CEMI has made very rapid progress on their $2.9M (total) product development agreement with AstraZeneca. On the Q2 call in August, management noted that assay development had completed and validation and verification was ongoing. Just three months later, the initial regulatory approval application had been made. On the Q3 call in November CEMI disclosed that an application for CE Mark had been filed and that they now have their eyes set on FDA 510(k) clearance. As CE Marking is typically a relatively expedited process, it is possible this test could be cleared for sale in Europe (and other parts of the world that accept CE Mark) by current year-end or shortly afterwards. At that point, we’ll know exactly what the biomarker is that the assay tests for – and a better idea of the potential market opportunity for the product. As we hypothesized in prior updates, while neither the assay or target application were disclosed, given a mutual relationship with Genisphere’s technology, we think it may relate to oncological companion diagnostics.
View Exhibit III
CEMI continues to draw outside interest for their expertise, technology and proven success in bringing high-potential diagnostics through the regulatory process(es) and to commercialization. The most recent collaboration came in July 2018 when CEMI announced an agreement with FIND for the potential development of a rapid HCV test (CEMI and FIND already have an ongoing collaboration for a DPP fever panel). CEMI is one of three companies that FIND chose to participate in their HCV RFP – the test selected for development will be announced in December. This could be a win for CEMI – and represent incremental revenue that otherwise may have never materialized. That’s because CEMI has had a DPP HCV program in the past – but that was essentially mothballed way back in 2011 (based on our notes, the program was halted based on questions of economic feasibility of rapid HCV testing). So, if CEMI’s DPP HCV test is chosen to move forward with FIND, it could eventually result in a new source of revenue (that may not have happened otherwise). Also, if successful, we think it might also potentially lead to development of a combination HCV test, such as HIV/HCV.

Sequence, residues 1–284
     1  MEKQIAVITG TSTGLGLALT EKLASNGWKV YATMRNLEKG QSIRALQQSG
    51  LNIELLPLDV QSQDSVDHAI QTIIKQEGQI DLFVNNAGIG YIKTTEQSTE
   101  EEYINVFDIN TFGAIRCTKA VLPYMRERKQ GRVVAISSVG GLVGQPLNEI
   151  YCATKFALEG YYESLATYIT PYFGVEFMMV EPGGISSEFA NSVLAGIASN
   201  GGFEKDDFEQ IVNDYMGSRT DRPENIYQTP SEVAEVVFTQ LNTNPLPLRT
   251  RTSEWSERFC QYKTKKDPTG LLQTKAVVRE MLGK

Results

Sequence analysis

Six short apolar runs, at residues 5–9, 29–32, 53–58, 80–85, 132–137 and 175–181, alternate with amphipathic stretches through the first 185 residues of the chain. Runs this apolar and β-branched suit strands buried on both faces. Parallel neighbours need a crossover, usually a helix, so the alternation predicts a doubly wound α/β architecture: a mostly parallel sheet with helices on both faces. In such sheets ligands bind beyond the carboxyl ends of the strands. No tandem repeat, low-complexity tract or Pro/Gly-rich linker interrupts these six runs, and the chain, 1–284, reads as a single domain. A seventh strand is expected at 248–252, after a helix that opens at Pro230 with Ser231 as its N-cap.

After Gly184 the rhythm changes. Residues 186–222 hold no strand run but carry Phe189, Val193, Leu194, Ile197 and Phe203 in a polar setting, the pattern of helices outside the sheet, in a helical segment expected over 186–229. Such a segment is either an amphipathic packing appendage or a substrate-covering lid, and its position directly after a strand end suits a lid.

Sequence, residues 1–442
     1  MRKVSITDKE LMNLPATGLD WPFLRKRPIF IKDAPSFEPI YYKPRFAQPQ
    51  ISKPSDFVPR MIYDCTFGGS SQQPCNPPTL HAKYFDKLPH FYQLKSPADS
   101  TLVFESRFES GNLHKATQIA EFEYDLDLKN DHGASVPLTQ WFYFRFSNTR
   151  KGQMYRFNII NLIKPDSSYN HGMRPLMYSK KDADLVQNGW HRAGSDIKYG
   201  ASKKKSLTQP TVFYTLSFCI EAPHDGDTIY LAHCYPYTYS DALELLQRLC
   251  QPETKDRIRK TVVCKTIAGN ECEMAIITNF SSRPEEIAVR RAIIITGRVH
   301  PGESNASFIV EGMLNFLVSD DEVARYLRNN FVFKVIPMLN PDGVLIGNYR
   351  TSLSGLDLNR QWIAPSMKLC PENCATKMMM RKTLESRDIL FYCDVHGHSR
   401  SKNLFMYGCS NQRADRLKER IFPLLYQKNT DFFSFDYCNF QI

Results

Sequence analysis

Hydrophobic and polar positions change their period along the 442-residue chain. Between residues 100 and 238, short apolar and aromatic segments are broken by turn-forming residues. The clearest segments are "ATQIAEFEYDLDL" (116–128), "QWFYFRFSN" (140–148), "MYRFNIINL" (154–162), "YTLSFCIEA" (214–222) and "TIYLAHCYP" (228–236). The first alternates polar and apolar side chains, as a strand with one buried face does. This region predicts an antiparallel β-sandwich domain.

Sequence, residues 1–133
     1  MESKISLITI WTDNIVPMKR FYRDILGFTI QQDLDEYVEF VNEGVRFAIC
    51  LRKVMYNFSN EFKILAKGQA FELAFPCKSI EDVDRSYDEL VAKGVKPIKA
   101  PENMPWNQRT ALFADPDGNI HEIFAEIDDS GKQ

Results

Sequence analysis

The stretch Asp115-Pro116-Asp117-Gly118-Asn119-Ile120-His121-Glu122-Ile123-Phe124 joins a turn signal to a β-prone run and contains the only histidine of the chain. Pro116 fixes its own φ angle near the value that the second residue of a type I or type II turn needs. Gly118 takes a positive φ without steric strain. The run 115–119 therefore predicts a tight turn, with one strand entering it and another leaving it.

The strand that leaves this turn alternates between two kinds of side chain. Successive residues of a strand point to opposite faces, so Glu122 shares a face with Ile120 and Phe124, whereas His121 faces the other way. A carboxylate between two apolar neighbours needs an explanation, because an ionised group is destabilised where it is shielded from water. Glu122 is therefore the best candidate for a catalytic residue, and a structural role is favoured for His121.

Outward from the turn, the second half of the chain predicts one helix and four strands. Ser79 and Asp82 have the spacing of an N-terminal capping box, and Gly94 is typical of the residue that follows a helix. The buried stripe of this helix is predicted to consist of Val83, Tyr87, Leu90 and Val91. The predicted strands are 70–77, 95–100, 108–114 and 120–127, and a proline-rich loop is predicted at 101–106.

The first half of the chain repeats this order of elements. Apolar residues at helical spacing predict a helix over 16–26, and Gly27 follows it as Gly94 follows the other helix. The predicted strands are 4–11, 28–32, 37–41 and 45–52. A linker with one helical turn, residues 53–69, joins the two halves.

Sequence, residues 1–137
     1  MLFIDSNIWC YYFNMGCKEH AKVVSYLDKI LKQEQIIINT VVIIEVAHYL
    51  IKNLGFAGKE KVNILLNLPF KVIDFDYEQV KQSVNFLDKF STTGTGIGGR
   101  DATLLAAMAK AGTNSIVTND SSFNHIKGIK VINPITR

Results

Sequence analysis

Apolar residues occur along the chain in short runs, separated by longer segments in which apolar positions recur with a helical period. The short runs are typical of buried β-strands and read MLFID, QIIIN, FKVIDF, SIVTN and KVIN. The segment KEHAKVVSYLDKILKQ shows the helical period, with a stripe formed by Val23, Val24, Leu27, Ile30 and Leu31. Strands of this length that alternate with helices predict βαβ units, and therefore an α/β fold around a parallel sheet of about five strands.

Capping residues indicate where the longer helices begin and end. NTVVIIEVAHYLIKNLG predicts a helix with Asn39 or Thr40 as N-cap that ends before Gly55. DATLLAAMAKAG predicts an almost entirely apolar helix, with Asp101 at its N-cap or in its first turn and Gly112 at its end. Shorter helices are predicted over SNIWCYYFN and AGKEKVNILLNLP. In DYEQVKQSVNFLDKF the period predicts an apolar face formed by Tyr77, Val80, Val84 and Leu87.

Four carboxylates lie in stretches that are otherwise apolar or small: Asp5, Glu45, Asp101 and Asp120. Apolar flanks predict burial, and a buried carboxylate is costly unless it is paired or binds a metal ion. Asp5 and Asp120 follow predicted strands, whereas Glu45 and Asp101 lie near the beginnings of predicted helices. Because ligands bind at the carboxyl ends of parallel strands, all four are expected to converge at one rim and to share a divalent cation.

CEMI also recently penned a collaboration agreement with LumiraDx, a privately-held UK organization with a focus on diagnostics – and founded by executives from major diagnostics companies (including Alere). LumiraDx chose CEMI to help them develop POC infectious disease assays. CEMI will receive milestone-based funding and upon commercialization, will sell reagents to LumiraDx as well as receive a royalty on sales.
Given limited disclosures as to specifics of the tests under development related to these collaborations, it is difficult to handicap the probability of ‘success’ (in terms of both product development and commercialization) or potential contribution to CEMI. But, our model will be updated accordingly as CEMI provides future updates. Until then, we think investors should view these as representing option-like value – with potential upside (potentially significantly so, although tough to estimate right now) and effectively no downside. We should know fairly soon about the AZN test.